All Articles Leadership Careers Do you have what it takes to lose your job?

Do you have what it takes to lose your job?

4 min read


A while back I moderated a discussion of HR senior vice presidents of Silicon Valley star companies about what it takes to lead a world-class HR career. We talked passion. Commitment. Walking that hard line between serving the corporation vs. serving the employees. And, of course, the whole seat-at-the-table thing came up. But one special distinction that they all agreed to took me by surprise:

To be able to really make it all the way to the top in HR, you must be willing to lose it all.

Why? Because it’s part of your job in HR to deliver unpopular news now and then. No matter where you are in your HR career, you are an adviser to someone.  And, as such, you can play the role of being a passive ear or even a cheerleader. That’s appropriate — especially in your earliest years. But the higher up the ranks you go, you’re going to find yourself hearing some very knuckle-headed notions — perhaps even the hatchings of strategies that are flat-out criminal.  And you’re going to be put in the position of saying to increasingly powerful people, “No, you can’t.” Eventually one of those people might say right back to you: “Oh yeah? Well, guess what. I’ll have security meet you at your desk.”

Are you prepared for that moment?  If you aspire to the top HR spot, you might want to think about building a career in which you’re prepared to leave at a moment’s notice. One of those Zen challenges, you know?

Here are some of the issues to consider as you navigate that path:

  • Keep building that financial cushion. We all know about saving for the rainy day. You’re also saving for The Moment of Truth.  When it comes down to your values or next month’s mortgage payment, you will want to be able to take care of both.
  • Know what your values are. We’ve seen so many business headlines in the past decade that have prompted the question, “Where the heck was HR during all this?”  Where will you be when you start seeing shenanigans coming down from the top? Upfront and center, speaking your mind? Or head down at your desk hoping it will all go away soon?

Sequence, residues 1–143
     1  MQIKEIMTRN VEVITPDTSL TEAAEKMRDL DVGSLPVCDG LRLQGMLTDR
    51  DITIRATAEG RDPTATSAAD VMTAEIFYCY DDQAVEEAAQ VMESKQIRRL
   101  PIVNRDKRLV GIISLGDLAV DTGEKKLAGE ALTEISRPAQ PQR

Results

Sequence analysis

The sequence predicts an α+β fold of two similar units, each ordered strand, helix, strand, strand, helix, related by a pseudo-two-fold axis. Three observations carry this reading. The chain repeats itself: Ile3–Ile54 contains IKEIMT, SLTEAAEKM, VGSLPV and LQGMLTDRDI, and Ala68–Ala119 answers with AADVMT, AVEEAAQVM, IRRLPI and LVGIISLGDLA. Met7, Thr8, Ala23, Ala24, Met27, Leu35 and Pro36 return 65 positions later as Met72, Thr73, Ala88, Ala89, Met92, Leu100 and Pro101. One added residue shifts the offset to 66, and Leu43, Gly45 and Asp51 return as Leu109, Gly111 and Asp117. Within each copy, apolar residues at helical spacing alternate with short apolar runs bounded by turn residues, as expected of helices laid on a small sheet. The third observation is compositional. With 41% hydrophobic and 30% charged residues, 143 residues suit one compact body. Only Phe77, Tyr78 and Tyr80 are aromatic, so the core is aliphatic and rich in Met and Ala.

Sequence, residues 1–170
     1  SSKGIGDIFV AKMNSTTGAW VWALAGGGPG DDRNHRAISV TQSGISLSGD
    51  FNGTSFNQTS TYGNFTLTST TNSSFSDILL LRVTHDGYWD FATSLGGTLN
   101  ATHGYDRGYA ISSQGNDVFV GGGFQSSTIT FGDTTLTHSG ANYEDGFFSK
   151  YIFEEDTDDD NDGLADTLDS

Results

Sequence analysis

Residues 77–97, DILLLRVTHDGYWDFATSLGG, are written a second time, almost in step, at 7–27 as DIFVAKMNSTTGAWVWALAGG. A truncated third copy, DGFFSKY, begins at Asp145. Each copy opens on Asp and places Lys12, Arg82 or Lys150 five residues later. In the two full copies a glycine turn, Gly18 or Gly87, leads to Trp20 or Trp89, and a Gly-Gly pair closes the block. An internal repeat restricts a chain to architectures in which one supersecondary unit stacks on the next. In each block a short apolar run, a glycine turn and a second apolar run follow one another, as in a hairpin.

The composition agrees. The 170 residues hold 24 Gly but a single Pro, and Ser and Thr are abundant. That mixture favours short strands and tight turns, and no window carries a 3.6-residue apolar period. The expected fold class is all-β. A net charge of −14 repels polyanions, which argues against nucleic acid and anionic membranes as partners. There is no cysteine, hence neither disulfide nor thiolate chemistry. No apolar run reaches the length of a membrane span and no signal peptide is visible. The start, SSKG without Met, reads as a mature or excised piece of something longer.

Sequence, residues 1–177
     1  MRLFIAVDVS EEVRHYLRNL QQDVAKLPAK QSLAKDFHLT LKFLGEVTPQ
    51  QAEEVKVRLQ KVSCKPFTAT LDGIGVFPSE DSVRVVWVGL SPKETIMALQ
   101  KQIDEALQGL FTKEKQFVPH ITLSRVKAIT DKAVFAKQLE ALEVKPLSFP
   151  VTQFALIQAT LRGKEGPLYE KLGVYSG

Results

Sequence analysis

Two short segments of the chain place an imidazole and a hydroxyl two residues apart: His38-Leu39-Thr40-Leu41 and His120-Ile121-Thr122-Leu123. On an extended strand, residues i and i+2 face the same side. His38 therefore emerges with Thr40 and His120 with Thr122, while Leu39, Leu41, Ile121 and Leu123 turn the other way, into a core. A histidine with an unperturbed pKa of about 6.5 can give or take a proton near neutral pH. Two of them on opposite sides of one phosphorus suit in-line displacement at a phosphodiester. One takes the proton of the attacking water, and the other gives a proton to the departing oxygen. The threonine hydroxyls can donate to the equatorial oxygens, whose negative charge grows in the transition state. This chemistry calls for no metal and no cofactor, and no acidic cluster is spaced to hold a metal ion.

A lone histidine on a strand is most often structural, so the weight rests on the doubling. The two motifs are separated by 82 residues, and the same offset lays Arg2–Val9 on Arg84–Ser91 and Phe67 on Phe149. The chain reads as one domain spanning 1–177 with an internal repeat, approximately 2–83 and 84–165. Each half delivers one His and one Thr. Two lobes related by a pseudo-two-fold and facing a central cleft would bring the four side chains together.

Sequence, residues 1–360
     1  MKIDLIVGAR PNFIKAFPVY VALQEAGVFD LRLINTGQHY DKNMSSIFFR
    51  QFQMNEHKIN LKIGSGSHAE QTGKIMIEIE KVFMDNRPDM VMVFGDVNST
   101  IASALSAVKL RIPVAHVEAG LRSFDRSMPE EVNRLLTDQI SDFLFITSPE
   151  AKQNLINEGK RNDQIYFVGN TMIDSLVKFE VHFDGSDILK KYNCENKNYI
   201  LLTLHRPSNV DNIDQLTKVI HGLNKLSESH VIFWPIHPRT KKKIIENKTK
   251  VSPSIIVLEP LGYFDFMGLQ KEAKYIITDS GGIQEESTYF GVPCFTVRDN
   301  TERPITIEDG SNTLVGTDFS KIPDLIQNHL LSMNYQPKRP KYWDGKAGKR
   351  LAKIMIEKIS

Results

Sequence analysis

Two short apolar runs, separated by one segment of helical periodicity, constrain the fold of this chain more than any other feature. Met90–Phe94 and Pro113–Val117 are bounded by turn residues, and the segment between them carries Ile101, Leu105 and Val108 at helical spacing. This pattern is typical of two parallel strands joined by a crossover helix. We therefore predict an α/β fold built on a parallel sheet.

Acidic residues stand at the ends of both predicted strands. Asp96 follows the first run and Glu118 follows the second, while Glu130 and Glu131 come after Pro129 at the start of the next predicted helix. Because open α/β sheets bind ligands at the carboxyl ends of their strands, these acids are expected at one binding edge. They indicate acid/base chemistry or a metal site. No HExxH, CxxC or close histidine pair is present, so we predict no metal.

• Be known as someone who is alternatives-oriented. Sometimes a really bad idea is just the first idea that has occurred to the other executives.  And, if a better (or legal) alternative comes from someone they respect, they just might pay attention.  Whenever I hear of HR being the corporate moral conscious, I always cringe.  It makes you the corporate scold.  Where’s the fun in that? But, if you’re known as a resource for creative alternatives, then you will be consulted more often and listened to more willingly.  If your track record up to that point has been a long series of creative yes’s, then one one-in your-face “forget about it” won’t be such a bitter pill for your colleagues to swallow.
  • Circulate. We know the value of networking for looking for a new job. But here I’m talking about the value of networking before you’re out of work. That network you’ve been building will give you the soft place to fall, should you discover that your truth to power is sending you to the unemployment line.  These people already care about you. They know who you are and your ethics.  They get that if you’re out of work, it’s probably for a very good reason. And they’ll activate the job-search grapevine to help get you landed pronto.

I hope it never happens to you. But if it does, remember you’ll be graduating into some excellent company. And be glad you prepared for this situation ahead of time.

Image credit, Martinan, via iStock Martinan